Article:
Photography Branding Design | Step-by-Step

Designing a new logo and branding can be a really exciting and fun process. The main down side is that it's a hell of a lot of work. Whether you plan to hire a professional designer, or to bust out your own mad-design-skills, you'll need to decide the overall mood and values of your brand before your project can take flight. 

When I began my own branding journey, I watched branding courses, studied books and blogs, and spent weeks worrying and revising. Now that it's all over, I'm proud of the branding I created for my own business, and I hope you'll be able to benefit from some of the tricks I picked up along the way.

One of the best parts of starting a new business is designing the branding. This is the cheat sheet I made to keep everything together, and a step-by-step guide to perfecting your own branding | By Emily London Portraits in Salt Lake City.

Step 1: Make an Inspiration Board / Develop a Pinterest Addiction

When I began developing the branding and logo for Emily London Portraits, I turned to Pinterest for inspiration. I created a new pin board called "Branding Inspiration" and started filling it with logos and brand boards that I loved. (You can find lots in Pinterest, by searching for "Logo" "Branding" "Brand Board" "Packaging" etc.) When pinning to your own branding pin board, make sure to caption each pin with a note about what specifically you like in the photo, for example: "Colors" or "Font" - it doesn't have to be complex. This will really come in handy if you are working with a designer or business partner and need to communicate your vision. 

Step 2: Decide Who Your Brand Is (or Will Be)

After amassing a huge Branding Pin Board, I looked at the overall direction of what I loved. Some designs really conflicted (I love the bright colors in this one, but the monochromatic color scheme of this other one), so I had to start culling my beautiful new collection.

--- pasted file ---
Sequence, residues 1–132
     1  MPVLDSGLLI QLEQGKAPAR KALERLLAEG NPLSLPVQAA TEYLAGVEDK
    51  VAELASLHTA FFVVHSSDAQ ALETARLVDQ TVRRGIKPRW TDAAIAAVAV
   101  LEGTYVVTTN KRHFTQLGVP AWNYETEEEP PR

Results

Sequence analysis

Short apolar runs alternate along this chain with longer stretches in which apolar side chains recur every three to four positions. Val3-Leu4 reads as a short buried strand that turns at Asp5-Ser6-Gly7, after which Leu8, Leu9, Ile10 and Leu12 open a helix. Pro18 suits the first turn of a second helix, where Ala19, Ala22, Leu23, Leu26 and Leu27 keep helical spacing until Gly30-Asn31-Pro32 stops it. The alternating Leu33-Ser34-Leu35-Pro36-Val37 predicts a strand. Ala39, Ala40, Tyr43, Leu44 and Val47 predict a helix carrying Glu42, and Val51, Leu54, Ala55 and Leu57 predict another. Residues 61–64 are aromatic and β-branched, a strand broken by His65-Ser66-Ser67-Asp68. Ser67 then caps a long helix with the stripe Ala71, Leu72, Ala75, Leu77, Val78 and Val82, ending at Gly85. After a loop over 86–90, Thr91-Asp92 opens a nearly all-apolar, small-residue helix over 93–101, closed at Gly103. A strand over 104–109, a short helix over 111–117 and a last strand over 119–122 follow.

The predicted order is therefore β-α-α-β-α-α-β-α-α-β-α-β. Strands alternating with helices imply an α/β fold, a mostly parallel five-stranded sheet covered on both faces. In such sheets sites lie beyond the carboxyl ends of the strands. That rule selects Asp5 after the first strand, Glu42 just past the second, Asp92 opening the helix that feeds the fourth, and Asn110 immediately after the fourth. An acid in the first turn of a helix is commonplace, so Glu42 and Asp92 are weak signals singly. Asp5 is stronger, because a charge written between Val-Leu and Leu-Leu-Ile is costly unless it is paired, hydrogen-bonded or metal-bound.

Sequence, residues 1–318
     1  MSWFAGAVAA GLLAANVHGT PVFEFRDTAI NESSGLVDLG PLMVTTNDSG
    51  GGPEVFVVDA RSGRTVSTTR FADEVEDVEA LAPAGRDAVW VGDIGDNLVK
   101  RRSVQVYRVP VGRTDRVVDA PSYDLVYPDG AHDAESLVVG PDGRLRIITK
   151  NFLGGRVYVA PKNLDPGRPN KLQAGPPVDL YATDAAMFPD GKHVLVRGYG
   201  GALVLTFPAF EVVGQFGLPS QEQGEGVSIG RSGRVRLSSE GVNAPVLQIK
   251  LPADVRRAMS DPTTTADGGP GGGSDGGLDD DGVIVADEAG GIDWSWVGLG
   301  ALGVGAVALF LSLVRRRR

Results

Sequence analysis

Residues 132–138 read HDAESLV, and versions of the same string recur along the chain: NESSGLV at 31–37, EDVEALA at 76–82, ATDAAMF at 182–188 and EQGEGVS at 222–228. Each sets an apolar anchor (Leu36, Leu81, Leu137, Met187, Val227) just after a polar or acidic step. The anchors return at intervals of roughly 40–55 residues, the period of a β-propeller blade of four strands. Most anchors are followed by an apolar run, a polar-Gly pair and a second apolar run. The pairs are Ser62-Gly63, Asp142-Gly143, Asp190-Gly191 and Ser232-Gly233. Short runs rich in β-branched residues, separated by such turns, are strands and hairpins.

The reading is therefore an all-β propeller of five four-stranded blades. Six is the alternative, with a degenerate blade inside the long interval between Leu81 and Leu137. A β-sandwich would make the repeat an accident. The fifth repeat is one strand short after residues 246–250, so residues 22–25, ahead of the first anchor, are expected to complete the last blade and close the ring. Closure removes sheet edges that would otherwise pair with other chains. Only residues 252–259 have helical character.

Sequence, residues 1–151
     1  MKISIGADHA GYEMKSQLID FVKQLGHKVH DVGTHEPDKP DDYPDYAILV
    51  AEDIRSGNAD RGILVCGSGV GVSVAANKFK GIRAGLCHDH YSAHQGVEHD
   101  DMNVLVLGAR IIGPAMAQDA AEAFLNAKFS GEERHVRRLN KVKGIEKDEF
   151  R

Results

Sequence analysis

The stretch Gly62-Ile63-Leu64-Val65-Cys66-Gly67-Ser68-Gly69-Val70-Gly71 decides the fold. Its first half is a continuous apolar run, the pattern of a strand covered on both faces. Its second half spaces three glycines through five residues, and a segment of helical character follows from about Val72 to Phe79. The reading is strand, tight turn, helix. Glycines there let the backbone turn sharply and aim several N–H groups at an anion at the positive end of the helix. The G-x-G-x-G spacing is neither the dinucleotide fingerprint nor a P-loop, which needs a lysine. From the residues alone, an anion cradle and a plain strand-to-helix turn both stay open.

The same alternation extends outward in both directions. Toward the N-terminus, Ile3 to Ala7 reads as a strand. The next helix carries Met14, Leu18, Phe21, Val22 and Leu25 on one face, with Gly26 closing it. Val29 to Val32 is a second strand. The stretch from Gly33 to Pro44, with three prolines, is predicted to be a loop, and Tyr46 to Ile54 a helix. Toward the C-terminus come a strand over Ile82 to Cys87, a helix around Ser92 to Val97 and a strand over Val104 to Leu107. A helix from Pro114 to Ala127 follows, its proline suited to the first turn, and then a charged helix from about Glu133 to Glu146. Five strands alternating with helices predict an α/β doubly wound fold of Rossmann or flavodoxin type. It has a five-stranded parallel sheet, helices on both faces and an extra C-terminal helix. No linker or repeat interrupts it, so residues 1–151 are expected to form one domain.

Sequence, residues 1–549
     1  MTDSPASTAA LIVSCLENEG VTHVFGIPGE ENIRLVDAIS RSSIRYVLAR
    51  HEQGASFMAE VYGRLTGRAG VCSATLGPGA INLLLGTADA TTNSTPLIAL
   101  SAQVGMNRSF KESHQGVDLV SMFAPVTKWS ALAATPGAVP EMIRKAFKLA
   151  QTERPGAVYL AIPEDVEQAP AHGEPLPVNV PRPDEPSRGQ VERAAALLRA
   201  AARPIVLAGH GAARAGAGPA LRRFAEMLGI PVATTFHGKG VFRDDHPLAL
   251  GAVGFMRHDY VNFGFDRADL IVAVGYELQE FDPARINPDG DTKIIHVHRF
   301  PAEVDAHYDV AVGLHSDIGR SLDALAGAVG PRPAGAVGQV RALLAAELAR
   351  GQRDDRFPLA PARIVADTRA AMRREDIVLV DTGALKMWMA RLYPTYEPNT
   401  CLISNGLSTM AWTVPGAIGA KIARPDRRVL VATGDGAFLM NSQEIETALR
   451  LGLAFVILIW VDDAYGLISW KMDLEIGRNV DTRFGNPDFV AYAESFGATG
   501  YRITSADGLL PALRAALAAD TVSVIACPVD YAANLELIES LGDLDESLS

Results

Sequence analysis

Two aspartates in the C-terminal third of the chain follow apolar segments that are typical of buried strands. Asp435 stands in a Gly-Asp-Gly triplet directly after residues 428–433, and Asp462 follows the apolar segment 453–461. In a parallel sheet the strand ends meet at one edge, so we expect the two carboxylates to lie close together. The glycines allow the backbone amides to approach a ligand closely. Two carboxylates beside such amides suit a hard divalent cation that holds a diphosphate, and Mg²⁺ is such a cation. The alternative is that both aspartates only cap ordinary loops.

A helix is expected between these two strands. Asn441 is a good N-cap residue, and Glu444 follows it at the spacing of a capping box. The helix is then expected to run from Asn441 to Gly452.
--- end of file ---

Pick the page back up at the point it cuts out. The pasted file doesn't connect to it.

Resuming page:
To really hone the direction I wanted to take with my brand, I needed to decide what message I wanted to convey about Emily London Portraits. I brainstormed all the qualities that my photography style had (or that I wanted it to have): glamorous, beautiful, feminine, sumptuous, sensual, dreamy, ethereal, confident, etc. (Keep in mind these were very personal to me - you might relate more to words like whimsical, retro, bold, strong, masculine - or something completely different.) If you find this step challenging, check out the pins in your brand board and think of how you would describe each image you chose.

Once I had my long list of attributes that describe my photography style, or what I knew I eventually wanted my photography style to be, I thought long and hard about my ideal client. Of the qualities my photography had, which ones would attract her the most? With her in mind, I chose the top three words to describe my brand.

Luxurious - Timeless - Elegant 

Step 3: Refine Your Pin Board

I then returned to Pinterest and eliminated all the pins that didn't belong. For example, I loved a lot of retro designs, which is a very trendy style right now. Since being Timeless is so key to my brand, I removed any designs that said "trendy" to me. I also removed anything that didn't portray the luxury and elegance I wanted for my brand. After culling out quite a few images, I searched for new inspiration to pin, this time focusing on adding pins that fit my new criteria.

Step 4:  Choose Your Color Palette